By York Van Nixon III
MSNBC moderator Brian Williams wasted little time throwing in a rabbit for conservative hounds to sink their bleached teeth into for first blood. Barking dogs expecting a cottontail found a Texas rattlesnake hissing with a cowboy drawl and ready with a fully loaded hog leg (six-shooter) to render a death penalty to Republicans waffling on the Second Amendment and expecting more than tall tales about turning sagebrush into above minimum wage jobs.
Williams: Governor Perry, we’re going to begin with you. You’re the newcomer here on stage. You probably saw this coming a mile away. You have touted your state’s low taxes, the lack of regulation, tough tort reform as the recipe for job growth in the Lone Star State, but Texas ranks last among those who have completed high school, there are only eight other states with more living in poverty, no other state has more working at or below the minimum wage. So is that the kind of answer all Americans are looking for?
When Perry responded that “we created 1 million jobs in the state of Texas. At the same time, America lost 2.5 million.” Williams followed up with a prevailing opinion that most jobs created were “low-wage jobs” and “. . . that unemployment is better in over half the states of the union than it is right now in Texas.”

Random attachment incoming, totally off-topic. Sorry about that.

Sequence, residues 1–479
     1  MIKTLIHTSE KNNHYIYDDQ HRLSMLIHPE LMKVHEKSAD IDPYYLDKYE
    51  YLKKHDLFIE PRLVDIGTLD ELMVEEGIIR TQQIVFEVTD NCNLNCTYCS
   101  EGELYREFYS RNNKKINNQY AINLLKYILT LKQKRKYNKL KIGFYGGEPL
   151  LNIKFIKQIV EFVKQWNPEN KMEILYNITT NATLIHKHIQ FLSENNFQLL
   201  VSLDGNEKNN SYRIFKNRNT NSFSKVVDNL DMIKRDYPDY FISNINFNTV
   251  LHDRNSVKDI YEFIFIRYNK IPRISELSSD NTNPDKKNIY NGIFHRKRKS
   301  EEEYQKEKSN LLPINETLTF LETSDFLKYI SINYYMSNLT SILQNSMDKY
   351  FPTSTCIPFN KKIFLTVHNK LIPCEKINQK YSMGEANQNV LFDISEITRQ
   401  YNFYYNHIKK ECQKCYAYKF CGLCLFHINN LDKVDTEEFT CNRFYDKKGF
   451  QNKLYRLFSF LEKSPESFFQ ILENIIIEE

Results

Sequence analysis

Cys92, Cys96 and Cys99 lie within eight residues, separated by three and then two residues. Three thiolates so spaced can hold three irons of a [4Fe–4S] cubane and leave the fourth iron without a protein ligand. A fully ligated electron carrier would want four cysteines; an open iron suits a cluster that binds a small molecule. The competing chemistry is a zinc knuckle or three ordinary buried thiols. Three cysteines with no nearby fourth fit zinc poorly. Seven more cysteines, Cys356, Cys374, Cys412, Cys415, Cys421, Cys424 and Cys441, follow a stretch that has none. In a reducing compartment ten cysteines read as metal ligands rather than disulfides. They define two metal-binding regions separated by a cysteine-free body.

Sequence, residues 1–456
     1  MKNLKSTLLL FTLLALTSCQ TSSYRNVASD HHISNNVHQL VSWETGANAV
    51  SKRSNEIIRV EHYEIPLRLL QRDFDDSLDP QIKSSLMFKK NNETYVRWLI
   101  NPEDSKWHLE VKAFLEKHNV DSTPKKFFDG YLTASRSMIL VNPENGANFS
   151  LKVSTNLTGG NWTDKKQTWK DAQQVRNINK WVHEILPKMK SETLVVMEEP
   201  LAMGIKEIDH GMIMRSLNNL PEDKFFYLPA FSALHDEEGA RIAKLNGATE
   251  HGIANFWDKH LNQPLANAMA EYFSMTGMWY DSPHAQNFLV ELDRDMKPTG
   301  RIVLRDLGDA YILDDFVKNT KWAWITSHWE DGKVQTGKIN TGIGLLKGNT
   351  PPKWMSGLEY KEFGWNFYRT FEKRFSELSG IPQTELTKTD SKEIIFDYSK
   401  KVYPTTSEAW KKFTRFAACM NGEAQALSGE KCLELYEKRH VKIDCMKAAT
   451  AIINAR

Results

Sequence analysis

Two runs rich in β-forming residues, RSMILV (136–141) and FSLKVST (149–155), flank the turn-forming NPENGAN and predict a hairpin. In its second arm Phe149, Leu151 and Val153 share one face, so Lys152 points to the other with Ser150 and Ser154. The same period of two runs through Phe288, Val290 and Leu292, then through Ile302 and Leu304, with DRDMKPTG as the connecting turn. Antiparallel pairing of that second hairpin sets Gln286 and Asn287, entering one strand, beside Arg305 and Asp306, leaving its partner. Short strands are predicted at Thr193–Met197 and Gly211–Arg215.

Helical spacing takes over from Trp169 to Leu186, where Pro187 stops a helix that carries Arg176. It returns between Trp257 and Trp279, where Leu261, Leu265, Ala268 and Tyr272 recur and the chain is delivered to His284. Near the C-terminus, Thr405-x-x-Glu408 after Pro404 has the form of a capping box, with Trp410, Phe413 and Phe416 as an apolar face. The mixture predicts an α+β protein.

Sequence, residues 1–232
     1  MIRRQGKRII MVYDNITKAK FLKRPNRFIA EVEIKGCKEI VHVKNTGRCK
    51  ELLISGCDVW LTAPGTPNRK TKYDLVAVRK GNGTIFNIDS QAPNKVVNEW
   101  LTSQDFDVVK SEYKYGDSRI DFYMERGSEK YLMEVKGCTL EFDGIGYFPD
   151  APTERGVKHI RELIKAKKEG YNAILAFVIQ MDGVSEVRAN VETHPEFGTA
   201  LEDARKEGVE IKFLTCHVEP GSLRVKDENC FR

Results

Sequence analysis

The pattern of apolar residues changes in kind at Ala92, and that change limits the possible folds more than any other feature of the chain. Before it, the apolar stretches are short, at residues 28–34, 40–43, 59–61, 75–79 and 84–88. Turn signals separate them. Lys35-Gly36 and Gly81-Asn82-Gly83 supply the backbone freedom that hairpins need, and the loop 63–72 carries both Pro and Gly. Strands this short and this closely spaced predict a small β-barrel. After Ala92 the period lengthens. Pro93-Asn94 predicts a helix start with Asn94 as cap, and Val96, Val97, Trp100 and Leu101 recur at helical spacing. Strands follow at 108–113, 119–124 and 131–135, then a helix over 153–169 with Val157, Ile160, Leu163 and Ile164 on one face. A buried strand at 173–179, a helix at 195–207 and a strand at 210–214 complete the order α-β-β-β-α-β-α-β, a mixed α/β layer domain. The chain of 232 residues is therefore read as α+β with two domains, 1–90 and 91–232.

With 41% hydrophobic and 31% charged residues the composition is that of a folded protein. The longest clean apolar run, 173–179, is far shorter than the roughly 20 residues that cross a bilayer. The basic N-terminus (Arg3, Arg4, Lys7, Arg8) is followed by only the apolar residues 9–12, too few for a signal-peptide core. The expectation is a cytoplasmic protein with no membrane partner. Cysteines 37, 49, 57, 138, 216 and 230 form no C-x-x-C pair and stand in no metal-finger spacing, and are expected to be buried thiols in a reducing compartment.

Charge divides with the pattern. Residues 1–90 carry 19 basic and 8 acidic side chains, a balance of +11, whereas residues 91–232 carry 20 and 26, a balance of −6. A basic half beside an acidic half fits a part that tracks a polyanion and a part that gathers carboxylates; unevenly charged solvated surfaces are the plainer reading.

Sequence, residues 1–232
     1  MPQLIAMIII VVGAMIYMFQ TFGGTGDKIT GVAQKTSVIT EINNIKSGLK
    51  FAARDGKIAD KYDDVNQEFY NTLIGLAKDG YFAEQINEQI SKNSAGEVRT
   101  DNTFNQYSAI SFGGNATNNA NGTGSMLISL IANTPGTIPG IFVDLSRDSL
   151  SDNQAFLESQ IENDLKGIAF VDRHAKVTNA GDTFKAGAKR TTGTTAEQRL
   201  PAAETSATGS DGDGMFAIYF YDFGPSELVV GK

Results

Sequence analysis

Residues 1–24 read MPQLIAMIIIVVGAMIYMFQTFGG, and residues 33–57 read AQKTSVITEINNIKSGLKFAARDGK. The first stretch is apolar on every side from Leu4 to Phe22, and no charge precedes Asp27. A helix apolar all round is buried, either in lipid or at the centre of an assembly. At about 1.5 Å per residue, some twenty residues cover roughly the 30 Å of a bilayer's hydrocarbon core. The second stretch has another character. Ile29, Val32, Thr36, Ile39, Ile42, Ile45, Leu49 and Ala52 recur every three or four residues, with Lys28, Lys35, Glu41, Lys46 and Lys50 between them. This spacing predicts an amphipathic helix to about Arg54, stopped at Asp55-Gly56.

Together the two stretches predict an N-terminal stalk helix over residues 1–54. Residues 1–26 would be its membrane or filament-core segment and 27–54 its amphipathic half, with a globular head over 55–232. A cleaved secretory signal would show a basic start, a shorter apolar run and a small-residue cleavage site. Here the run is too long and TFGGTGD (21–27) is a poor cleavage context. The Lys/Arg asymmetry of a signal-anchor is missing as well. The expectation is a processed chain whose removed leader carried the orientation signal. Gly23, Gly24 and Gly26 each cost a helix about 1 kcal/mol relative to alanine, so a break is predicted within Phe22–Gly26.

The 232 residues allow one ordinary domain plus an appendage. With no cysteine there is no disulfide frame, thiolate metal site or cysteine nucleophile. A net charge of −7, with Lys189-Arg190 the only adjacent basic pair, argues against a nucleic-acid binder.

PERRY: Well, the first part of that comment is incorrect, because 95 percent of all the jobs that we’ve created have been above minimum wage.
Since Perry became governor in 2000, the percentage of workers earning minimum wage or below has increased from 6 percent to 9.5 percent.
Governor Perry did not dispute the actual figures but he did suggest they did not give an accurate account of his Texas success.
At that point, Romney and others touted records on job creation in their respected states. But it was former Nevada Governor Jon Huntsman who won the peeing contest. He boasted, “And I hate to rain on the parade of the Lone Star governor, but as governor of Utah, we were the number one job creator in this country during my years of service. That was 5.9 percent when you were creating jobs at 4.9 percent.”
Missing from most of the debate were the second-tier GOP hopefuls: Bachmann, Santorum, Paul, Cain, and Gingrich. Questions to them were limited to anything but jobs. Also missing from the debate were solutions to unemployment besides the Republican answer to all ills, cutting taxes on corporations and reducing the size of government.
Many columnists are labeling last night’s GOP debate as “disappointing.” But that appellation is more distressing than the answers expressed by all participants. Expecting immediate cures for a problem affecting the middle class from a party that sees supply-side economics as a panacea is naive. An electorate unwilling to vote with their minds instead of their eyes deserves four more years of George W. Bush.